Chapter

Wasteful Design: Repetitive DNA Elements

John C. Avise

in Inside the Human Genome

Published in print February 2010 | ISBN: 9780195393439
Published online May 2010 | e-ISBN: 9780199775415 | DOI: http://dx.doi.org/10.1093/acprof:oso/9780195393439.003.0004
Wasteful Design: Repetitive DNA Elements

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This chapter treats repetitive DNA elements in the human genome, ranging from duplicons and pseudogenes (dead genes) to microsatellites to several classes of ubiquitous mobile elements that look and act like intracellular viruses. Incredibly, active or deceased copies of these latter elements make up at least 45% and perhaps 75% or more of the human genome. All of these categories of repetitive elements are known to be associated with legions of genetic disabilities, again prompting a consideration of how various theological excuses for molecular flaws contrast with rationales that emerge from the evolutionary sciences.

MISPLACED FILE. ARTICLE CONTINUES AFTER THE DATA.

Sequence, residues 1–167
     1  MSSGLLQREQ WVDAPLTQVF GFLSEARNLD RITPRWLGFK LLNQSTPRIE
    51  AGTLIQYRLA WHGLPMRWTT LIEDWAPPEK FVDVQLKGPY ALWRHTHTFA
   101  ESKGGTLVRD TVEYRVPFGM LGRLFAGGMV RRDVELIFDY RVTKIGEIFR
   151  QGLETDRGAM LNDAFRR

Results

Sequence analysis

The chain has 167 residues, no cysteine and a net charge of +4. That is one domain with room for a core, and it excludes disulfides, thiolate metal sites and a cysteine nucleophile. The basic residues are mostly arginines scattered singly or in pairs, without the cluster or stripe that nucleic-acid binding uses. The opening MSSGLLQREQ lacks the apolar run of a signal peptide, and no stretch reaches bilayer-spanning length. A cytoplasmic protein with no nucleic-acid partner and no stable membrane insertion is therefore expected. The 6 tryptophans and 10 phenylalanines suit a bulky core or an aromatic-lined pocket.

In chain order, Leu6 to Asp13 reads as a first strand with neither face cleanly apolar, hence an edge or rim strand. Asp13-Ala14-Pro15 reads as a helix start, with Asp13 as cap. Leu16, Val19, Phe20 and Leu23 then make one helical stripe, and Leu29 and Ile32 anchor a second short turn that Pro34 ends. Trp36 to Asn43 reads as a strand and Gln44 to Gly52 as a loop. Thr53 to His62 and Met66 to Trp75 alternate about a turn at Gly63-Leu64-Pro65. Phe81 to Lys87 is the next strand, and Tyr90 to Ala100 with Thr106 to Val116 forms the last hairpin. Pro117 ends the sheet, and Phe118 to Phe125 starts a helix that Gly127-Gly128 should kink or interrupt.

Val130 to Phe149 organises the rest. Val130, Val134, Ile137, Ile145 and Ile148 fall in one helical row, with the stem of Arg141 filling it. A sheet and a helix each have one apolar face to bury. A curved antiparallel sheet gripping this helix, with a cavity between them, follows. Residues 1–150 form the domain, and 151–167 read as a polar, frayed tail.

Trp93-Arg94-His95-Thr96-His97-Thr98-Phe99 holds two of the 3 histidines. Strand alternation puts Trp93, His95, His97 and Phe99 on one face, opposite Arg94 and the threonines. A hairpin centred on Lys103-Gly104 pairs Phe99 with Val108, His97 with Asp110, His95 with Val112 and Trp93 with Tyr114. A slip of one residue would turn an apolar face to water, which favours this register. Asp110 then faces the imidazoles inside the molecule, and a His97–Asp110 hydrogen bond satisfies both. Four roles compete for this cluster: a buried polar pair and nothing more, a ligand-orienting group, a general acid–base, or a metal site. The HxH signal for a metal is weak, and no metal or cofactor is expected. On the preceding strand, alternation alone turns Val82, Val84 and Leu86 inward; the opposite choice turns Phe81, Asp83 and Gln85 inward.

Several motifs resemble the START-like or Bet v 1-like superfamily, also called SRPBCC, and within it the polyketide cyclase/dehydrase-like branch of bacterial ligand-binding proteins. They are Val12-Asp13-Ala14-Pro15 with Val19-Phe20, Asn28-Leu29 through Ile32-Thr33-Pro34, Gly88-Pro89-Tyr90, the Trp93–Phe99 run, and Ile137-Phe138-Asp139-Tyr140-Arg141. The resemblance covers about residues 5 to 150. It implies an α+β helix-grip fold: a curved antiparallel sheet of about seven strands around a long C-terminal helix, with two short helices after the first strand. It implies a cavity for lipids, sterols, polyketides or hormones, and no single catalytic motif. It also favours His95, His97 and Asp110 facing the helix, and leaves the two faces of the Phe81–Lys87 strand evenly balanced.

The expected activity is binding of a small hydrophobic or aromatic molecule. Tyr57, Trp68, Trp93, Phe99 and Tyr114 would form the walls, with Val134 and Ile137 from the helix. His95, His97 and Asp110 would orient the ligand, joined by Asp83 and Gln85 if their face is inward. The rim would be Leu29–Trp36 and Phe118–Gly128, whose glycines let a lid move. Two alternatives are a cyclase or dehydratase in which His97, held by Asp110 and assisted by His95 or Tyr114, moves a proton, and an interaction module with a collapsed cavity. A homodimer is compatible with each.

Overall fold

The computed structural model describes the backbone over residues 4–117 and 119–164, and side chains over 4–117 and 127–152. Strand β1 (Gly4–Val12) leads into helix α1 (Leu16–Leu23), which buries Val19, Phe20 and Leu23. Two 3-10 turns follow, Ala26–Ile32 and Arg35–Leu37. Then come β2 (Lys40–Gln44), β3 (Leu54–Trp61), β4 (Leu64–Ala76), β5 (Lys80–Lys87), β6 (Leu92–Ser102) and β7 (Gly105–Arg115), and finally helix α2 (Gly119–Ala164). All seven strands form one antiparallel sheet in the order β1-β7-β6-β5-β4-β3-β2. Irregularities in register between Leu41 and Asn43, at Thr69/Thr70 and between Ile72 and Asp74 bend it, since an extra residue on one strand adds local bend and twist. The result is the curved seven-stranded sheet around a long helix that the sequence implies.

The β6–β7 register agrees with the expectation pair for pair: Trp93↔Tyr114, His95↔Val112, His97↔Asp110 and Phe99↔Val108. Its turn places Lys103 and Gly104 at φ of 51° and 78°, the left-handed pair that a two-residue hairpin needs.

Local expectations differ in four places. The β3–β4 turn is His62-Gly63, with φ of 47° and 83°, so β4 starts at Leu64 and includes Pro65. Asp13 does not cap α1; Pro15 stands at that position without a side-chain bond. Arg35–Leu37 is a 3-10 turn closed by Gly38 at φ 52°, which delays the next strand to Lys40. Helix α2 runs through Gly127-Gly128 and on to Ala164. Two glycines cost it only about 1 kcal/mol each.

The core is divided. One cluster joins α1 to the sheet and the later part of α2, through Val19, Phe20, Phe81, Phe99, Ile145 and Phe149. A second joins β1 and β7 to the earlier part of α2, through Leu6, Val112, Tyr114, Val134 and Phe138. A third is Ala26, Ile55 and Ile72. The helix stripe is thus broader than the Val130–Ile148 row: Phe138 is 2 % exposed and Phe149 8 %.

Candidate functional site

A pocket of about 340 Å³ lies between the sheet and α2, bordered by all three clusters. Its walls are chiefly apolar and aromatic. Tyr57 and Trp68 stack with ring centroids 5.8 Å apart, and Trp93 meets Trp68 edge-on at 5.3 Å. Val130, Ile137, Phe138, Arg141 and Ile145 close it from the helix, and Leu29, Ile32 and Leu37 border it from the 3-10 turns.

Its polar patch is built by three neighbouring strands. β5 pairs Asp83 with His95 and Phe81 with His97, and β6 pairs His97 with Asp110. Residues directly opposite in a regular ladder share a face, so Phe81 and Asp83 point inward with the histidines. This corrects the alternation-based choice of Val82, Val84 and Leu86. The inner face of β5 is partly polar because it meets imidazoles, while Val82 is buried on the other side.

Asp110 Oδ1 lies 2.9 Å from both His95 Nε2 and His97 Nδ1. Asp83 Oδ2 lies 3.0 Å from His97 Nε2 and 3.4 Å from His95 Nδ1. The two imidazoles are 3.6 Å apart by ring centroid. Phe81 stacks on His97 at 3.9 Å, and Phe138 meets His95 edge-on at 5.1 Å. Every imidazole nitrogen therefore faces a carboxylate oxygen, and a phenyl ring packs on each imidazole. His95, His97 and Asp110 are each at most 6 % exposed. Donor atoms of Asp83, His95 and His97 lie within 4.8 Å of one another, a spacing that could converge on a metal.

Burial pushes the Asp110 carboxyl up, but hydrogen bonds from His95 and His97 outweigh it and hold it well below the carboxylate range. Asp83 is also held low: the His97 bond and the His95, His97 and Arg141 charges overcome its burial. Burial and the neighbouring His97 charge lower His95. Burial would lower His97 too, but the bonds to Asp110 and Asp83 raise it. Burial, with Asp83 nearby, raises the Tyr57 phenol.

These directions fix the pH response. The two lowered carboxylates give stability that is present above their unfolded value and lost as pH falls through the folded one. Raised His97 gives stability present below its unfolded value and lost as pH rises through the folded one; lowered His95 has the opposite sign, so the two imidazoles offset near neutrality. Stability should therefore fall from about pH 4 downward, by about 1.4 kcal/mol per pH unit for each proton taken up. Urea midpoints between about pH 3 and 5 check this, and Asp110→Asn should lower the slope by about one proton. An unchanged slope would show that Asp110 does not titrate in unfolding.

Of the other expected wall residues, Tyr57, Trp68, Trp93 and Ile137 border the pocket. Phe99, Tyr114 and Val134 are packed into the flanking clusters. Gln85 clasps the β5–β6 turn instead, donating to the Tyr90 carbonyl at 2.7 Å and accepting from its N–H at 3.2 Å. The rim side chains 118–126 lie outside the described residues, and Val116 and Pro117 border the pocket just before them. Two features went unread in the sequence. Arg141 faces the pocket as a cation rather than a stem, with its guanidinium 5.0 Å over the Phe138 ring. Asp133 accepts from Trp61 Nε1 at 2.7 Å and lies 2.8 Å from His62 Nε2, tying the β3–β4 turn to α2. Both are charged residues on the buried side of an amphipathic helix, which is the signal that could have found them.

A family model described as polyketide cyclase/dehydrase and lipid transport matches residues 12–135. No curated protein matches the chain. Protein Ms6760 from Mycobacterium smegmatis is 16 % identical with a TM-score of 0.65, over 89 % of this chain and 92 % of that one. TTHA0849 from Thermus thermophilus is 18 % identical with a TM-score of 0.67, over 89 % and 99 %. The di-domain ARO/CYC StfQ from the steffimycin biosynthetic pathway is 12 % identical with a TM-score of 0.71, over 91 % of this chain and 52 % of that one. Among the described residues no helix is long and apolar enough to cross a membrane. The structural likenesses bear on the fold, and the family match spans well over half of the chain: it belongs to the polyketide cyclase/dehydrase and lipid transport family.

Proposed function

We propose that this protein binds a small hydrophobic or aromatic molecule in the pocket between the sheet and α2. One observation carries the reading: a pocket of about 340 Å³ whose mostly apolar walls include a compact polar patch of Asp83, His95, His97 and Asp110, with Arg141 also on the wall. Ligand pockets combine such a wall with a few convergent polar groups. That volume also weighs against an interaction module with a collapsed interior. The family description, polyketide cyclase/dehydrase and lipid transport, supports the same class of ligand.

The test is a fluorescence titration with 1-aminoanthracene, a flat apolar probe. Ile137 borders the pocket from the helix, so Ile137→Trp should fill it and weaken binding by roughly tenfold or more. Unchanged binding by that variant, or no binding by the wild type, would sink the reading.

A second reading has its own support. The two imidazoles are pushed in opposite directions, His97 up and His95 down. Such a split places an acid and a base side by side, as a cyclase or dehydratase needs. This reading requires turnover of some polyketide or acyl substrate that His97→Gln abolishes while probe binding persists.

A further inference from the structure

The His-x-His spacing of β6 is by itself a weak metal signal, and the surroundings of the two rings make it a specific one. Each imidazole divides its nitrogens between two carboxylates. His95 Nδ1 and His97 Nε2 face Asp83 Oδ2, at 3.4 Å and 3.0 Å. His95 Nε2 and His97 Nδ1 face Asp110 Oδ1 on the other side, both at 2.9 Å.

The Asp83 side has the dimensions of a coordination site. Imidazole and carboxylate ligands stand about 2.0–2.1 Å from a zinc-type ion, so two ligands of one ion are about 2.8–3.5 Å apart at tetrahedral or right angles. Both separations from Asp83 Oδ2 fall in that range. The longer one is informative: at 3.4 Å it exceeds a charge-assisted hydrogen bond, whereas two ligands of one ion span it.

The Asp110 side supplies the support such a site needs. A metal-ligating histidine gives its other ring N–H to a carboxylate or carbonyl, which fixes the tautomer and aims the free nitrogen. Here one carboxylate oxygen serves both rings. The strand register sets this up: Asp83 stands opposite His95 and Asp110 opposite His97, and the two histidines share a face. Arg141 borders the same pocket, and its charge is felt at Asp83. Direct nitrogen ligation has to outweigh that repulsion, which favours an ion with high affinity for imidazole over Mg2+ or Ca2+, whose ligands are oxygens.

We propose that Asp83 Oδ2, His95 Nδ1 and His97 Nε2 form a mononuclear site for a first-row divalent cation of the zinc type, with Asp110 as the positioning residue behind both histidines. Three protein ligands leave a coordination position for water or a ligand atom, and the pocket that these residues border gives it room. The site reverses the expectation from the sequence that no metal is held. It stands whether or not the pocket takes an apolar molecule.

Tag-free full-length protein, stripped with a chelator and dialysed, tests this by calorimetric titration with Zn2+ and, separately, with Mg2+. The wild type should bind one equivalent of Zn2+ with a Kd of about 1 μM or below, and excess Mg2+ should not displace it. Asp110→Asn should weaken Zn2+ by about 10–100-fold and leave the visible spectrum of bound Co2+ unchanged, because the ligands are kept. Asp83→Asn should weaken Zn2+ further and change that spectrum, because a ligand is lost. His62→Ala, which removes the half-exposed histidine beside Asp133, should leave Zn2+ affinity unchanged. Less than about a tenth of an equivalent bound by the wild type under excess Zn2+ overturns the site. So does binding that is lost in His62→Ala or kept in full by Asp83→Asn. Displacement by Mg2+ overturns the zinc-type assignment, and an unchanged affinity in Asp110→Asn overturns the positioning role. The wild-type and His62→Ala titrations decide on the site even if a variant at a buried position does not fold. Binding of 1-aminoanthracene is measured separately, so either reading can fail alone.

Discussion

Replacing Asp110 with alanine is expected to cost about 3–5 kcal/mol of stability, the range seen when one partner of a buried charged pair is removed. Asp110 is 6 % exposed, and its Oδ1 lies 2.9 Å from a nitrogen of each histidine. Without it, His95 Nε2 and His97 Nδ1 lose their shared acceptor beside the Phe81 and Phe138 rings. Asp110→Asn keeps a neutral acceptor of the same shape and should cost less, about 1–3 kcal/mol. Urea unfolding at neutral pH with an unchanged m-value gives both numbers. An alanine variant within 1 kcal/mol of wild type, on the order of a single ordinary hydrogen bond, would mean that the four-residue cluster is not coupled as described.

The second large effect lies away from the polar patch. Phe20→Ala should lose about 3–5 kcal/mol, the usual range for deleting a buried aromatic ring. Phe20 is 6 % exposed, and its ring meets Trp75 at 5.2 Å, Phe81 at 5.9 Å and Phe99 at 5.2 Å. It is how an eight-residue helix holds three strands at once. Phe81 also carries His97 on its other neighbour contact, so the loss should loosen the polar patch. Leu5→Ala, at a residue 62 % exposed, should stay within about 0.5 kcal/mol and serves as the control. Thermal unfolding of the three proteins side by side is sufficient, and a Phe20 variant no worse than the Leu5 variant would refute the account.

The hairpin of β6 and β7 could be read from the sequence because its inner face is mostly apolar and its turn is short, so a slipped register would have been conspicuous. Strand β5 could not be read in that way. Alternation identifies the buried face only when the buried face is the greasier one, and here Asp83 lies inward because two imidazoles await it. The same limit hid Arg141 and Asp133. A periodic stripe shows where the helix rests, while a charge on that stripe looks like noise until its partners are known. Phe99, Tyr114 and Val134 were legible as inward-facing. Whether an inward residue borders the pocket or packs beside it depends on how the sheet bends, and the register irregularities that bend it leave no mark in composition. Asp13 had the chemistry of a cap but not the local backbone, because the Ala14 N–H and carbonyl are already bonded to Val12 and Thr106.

Keywords: repetitive DNA; duplicons; pseudogenes; microsatellites; mobile elements; viruses

Chapter.  7574 words.  Illustrated.

Subjects: Evolutionary Biology

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